Tantra (Sanskrit: “weave”), tantric yoga or tantrism is any of several esoteric traditions rooted in the religions of India. It exists in Hindu, Buddhist, Jain, Bönpo, and New Age forms. Tantra has persisted and often thrived throughout Asian history. Its practitioners have lived in India, China, Japan, Tibet, Nepal, Bhutan, Pakistan, Sri Lanka, Korea, Cambodia, Burma, Indonesia and Mongolia. No form of medieval Hinduism, Buddhism, or Jainism has been without a Tantric component. Some South Asian Islamic traditions have also borne a tantric stamp.
David Gordon White, while cautioning us about attempting a rigorous definition of what for centuries has defied such attempts, offers the following working definition:
- is that Asian body of beliefs and practices which, working from the principle that the universe we experience is nothing other than the concrete manifestation of the divine energy of the godhead that creates and maintains that universe, seeks to ritually appropriate and channel that energy within the human microcosm in creative and emancipatory ways.
In its Hindu forms, tantra can be summarized as a family of voluntary rituals modeled on those of the Vedas, together with their attendant texts and lineages. These rituals typically involve the visualization of a deity, offerings (real or visualized), and the chanting of his or her mantra. These practices are usually said to require permission from a qualified teacher or guru who belongs to a legitimate guruparampara or teacher-student lineage. Thus tantra shares some similarities with yoga.
Common variations include visualizing the deity in the act of sexual union with a consort; visualizing oneself as the deity; and/or “transgressive” acts such as token consumption of meat or alcohol. Occasionally non-standard or ritualized sex may be undertaken. This accounts for tantra’s negative reputation in some quarters, and its reception in the Western world primarily as a collection of sexual practices.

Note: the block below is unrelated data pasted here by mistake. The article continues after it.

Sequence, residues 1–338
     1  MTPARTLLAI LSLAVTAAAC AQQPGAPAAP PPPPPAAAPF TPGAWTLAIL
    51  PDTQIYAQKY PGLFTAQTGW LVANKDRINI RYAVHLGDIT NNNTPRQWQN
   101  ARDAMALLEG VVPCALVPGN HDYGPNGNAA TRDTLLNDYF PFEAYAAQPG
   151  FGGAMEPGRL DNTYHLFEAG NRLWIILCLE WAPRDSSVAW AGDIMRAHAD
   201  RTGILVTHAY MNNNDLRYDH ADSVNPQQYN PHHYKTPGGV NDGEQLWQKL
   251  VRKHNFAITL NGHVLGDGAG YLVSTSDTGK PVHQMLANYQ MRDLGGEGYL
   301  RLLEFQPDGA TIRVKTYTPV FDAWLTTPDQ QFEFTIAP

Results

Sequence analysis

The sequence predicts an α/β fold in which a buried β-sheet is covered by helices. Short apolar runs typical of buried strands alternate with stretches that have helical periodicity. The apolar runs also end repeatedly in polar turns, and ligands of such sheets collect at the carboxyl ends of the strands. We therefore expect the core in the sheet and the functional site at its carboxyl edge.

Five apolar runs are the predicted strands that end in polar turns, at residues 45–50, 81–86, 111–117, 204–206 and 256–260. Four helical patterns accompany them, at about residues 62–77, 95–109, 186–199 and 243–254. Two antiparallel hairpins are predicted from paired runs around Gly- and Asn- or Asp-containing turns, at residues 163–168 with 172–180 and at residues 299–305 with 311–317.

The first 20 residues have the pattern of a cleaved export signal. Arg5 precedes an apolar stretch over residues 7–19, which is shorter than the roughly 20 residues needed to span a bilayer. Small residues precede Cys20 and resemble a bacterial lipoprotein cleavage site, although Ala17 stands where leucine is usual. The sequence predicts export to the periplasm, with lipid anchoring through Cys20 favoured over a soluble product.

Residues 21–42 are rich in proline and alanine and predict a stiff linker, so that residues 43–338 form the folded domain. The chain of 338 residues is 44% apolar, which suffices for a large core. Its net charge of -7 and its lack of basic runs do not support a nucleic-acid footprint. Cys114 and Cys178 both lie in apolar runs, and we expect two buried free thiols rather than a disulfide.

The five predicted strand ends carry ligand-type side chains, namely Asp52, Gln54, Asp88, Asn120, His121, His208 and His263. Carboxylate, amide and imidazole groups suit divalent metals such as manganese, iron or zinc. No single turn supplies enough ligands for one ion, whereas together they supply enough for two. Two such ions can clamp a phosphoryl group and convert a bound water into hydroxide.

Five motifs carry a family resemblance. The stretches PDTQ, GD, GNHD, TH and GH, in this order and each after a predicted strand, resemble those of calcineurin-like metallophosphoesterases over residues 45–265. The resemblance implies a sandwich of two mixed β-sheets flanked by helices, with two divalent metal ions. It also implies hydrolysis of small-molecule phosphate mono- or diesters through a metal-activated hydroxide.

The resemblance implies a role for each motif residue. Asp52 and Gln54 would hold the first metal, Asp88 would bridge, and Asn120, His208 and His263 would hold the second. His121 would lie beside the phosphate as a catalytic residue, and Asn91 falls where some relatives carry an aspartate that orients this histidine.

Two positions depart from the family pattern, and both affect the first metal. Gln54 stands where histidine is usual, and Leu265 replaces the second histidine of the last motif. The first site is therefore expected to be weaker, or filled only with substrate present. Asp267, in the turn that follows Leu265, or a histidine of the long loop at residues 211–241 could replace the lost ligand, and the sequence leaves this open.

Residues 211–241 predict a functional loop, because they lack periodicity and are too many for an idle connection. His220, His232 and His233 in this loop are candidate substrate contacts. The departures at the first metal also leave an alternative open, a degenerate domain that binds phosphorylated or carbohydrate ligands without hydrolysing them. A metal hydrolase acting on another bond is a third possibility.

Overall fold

History of tantra
The history of tantra, as with that of most religions, is obscured by time. Many tantras offer mythical explanations for their origins, often setting themselves as the given word of either Siva or a goddess such as Devi. Scholarly depictions of their origins are often as varied, ascribing tantras to pre-Aryan, Indus Valley civilizations or similar aboriginal, tribal groups or as integral part of an Indian cultural fabric. In reality, no definitive accounting of the origins of tantra can be made owing to the significant polyvariance of the term tantra in Sanskrit.
Tantra, which in its earliest written form was a distinctly iconoclastic, private, and esoteric practice, evolved into a number of respected, exoteric orders (sampradaya). It is convenient, although somewhat false, to group the orders into two categories: left-handed and right-handed. Left-handed tantras (vaama marg) incorporate five sacraments (pancamakarapuja) of fish, meat, parched grain, wine and sexual intercourse into ritual practice. Right-handed tantras, on the other hand, advocate the visualization of these antinomian practices.
Both groups rejected many aspects of Brahamanic orthopraxy, most notably the caste system and patriarchy. Despite this, Tantra was accepted by some high-caste Hindus, most notably the Rajput princes. Nowadays Tantra has a large, though not always well-informed, following worldwide.